Back To Listing

Doggone it: pet ownership in Australia

Source: Roy Morgan Single Source (Australia), January–December 2014 (n=15,944).

If there was ever any doubt about how much Australians love their four-legged friends, this statistic should set it straight: a higher proportion of us live in households with a dog and/or cat than with a child. That’s right: 50% of Aussies live in a household with at least one cat or/and dog in it, whereas 35% share their household with at least one child aged under 16.

Dogs are more popular than cats: 38% of the population lives in a household with a canine companion, compared with 23% who cohabit with a feline friend. Folks in households with at least one cat and one dog account for 12% of the population.

Tasmania is the state with the highest incidence of pet-ownership, with 44% of its residents living with at least one dog, 34% living with at least one cat, and 16% living with at least one of each. New South Wales (including ACT) lags behind the rest of the country for cats (19%), dogs (35%) and both (9%).

State of the four-legged nation: where Australia’s cats and dogs live


Source: Roy Morgan Single Source (Australia), January–December 2014 (n=15,944).

The cost of pet care

While 20% Australian dog-owners and 14% of cat owners pay for pet-care services in an average four weeks, this can vary noticeably between states (particularly when it comes to dogs). For example, while 22% of dog-owners in Queensland pay for pet-care services in an average four weeks, only 16% of Tasmanian dog-owners do the same.

Although NSW has the lowest rate of cat ownership in Australia, the residents who do own cats (16%) are slightly more likely than those in other states (all 14%) to shell out for pet-care services.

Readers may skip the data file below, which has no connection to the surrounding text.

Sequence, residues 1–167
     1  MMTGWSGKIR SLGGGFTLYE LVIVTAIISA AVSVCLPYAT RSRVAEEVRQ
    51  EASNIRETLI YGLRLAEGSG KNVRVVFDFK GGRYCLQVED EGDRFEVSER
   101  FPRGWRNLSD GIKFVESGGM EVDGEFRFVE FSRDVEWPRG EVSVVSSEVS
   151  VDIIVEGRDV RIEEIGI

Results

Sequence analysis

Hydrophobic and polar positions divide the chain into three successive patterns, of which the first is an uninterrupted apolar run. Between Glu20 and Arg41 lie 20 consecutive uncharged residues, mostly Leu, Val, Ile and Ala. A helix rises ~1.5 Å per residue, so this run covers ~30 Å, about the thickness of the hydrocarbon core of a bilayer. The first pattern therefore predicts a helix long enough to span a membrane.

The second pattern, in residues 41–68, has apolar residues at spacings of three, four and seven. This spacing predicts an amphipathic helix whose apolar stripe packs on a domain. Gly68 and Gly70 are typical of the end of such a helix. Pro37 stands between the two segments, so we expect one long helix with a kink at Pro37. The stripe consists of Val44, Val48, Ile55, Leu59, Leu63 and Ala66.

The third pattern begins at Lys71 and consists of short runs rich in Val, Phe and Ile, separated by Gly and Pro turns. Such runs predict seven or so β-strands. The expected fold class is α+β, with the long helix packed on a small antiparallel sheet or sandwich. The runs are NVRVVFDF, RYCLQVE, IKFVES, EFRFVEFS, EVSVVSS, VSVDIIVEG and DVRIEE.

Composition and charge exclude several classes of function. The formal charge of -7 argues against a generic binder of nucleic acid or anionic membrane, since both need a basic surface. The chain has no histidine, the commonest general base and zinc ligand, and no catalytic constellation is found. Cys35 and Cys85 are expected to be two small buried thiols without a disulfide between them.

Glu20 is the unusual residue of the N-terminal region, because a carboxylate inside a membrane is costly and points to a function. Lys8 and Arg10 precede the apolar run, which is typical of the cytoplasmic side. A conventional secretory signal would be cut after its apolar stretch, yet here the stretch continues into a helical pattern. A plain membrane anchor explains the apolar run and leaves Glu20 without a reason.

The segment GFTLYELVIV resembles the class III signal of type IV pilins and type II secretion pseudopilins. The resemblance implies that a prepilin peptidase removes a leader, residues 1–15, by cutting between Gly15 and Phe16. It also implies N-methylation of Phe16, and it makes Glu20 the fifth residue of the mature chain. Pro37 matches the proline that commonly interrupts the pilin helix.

But the cost of caring for our furry family members doesn’t stop there. On top of pet-care services and food (of course), 11% respectively of dog- and cat-owners buy pet supplies* in any given four weeks. The average amount spent in this period is $90 for dogs and $87 for cats, but this too appears to depend on state of residence.

Paying an average of $118 for dogs and $131 for cats in an average four weeks, South Aussie pet owners pay the most for pet supplies. In contrast, Tasmanian pet owners pay an average of $70 for dogs and $56 for cats, the lowest in the country.

Norman Morris, Industry Communications Director, Roy Morgan Research, says:

“Ownership of cats and dogs has remained relatively stable in Australia over the last five years, with dogs the perennial favourite. Although the affection and companionship they give us is priceless, our pets do come at a cost: not only is there food to buy, but other pet supplies such as kitty litter, toys, food bowls, collars, leads and so on; as well as pet services such as veterinary treatment, dog-walking, pet-grooming and so on.

“Considering how high maintenance dogs are compared with their more independent feline counterparts, it is not surprising to learn that dog-owners are more likely than cat-owners to pay for pet-care services in any given four-week period. In general, dog owners also pay more than cat owners for pet supplies.

“Intriguingly, Tasmanians are more likely to live in households with dogs and/or cats, yet pay less for pet supplies than pet owners in any other state.

“Pet-care service providers and pet supply brands need to understand not only how dog- and cat-owners differ, but how the market for their products varies around the country.”


* NB: Pet supplies do not include food

For comments or more information please contact:
Roy Morgan - Enquiries
Office: +61 (03) 9224 5309

About Roy Morgan

Roy Morgan is the largest independent Australian research company, with offices throughout Australia, as well as in Indonesia, the United States and the United Kingdom. A full service research organisation specialising in omnibus and syndicated data, Roy Morgan has over 70 years’ experience in collecting objective, independent information on consumers.

Margin of Error

The margin of error to be allowed for in any estimate depends mainly on the number of interviews on which it is based. Margin of error gives indications of the likely range within which estimates would be 95% likely to fall, expressed as the number of percentage points above or below the actual estimate. Allowance for design effects (such as stratification and weighting) should be made as appropriate.

Sample Size

Percentage Estimate


25% or 75%

10% or 90%

5% or 95%